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Events on Friday, February 25th, 2011

Special High Energy Physics Seminar
First Results of Higgs Searches and Prospects for 2011/2012 with the ATLAS Detector at the LHC
Time: 2:30 pm - 3:45 pm
Place: 5280 Chamberlin Hall
Speaker: Bruce Mellado, UW-Madison Physics Department
Abstract: The Higgs boson is responsible for giving masses to particles. The first results of Higgs searches using data taken in 2010 with the ATLAS detector at the LHC are reported. The sensitivity of Higgs searches with masses in the range 140&amp;amp;lt;M_H&amp;amp;lt;190 GeV is dominated by the decay H-&amp;amp;gt;WW. The details of the search with this channel and the extraction of Standard Model backgrounds are reviewed. Results are compared with those of the Tevatron. The prospects for the Higgs boson discovery in 2011/2012 are also reviewed.
Host: Matthew Herndon
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Physics Department Colloquium
Led by the Nodes: Forging an Understanding of Fe-Based Superconductors
Time: 4:00 pm
Place: 2241 Chamberlin Hall (coffee at 3:30 pm)
Speaker: Peter Hirschfeld, University of Florida
Abstract: The new Fe-based superconductors have occasioned considerable excitement because transition temperatures are high, and it is hoped that comparisons to cuprates will lead to new insights into the essential ingredients for high temperature superconductivity. I will briefly review some similarities and differences to the cuprates, focussing first on normal state magnetic and transport properties. In this respect some of the remarkable properties of these systems can be understood by consideration of the multiorbital character of the multisheeted Fermi surface. Next, I will review what is known about the superconducting state, explaining the basis for the near-consensus that all pnictide materials display spin singlet, orbital s-wave symmetry. Somewhat more controversial are differing reports on gap structure suggested by different experimental probes on different materials, including varying claims of gap nodes or fully gapped behavior. I will argue that such a diversity of gap structures, unexpected based on cuprate intuition, is characteristic of systems with s-symmetry and the unusual band structure of the Fe-based superconductors. They should, and do, display an "intrinsic sensitivity" to small perturbations of electronic structure. I review what is to be expected in this regard from spin fluctuation theories, where multiorbital effects are found again to play a crucial role. Finally, I will discuss how 3-dimensionality influences superconducting order.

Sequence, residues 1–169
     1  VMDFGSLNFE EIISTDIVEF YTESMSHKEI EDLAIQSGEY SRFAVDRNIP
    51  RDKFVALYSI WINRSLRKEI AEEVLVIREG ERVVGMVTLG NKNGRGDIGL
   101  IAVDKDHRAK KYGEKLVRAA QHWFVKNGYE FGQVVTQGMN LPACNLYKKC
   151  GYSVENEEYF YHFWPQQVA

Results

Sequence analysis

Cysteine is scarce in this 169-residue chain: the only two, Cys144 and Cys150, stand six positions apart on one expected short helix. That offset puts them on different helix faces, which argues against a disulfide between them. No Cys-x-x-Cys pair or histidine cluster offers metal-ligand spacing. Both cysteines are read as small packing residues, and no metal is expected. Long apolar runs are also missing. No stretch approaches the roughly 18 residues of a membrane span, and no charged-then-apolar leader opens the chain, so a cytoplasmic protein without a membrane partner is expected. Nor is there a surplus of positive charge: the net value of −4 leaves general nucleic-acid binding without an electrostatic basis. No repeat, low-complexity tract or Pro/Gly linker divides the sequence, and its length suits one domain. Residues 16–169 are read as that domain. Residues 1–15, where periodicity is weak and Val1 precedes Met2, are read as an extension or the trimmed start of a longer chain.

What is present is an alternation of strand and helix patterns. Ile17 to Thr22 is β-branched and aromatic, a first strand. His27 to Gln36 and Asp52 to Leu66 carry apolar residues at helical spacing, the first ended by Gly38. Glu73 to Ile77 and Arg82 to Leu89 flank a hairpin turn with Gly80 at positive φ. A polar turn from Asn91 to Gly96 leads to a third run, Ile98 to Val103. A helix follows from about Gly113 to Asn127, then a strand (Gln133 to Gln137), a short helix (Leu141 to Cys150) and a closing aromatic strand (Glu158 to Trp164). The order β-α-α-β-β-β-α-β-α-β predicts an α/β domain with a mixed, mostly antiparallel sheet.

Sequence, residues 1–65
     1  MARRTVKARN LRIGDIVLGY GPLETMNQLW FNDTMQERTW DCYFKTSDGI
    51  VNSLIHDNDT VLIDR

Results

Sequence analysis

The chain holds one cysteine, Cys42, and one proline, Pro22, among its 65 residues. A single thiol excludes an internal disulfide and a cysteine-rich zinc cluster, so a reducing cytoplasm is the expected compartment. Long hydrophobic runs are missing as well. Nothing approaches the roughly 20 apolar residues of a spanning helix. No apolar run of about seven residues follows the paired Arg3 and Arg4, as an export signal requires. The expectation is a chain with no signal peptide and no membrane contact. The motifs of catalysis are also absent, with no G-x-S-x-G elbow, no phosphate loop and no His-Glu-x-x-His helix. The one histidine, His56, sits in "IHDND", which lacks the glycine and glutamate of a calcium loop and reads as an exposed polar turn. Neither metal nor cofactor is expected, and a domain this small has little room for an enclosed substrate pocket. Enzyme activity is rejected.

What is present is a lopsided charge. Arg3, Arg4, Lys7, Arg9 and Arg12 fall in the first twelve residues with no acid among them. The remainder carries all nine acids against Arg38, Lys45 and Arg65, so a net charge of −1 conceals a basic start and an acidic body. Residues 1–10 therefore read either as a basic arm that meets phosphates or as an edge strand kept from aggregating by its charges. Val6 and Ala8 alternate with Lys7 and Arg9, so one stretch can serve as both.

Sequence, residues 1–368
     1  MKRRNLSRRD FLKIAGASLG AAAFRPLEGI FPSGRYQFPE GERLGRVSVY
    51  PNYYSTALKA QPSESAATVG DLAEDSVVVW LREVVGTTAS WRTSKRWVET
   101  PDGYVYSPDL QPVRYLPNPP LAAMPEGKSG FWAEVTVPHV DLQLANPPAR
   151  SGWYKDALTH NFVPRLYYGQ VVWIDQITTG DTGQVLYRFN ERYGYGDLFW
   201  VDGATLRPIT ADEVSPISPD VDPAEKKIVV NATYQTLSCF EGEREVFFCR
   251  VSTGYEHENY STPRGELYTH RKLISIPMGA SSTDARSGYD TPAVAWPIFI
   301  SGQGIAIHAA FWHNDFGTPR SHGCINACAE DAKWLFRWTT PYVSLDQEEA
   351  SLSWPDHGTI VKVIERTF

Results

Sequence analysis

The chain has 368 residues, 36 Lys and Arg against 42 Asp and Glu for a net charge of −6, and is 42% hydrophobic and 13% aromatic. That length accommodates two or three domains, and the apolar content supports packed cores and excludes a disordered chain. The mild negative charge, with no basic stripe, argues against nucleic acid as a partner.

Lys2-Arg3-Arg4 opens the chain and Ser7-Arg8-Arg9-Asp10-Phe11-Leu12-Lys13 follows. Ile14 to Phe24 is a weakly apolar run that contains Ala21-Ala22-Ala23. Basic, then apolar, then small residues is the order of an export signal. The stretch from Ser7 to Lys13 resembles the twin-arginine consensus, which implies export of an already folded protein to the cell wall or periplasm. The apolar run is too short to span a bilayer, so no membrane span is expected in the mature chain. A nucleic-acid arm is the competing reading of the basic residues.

Host: Chubokov
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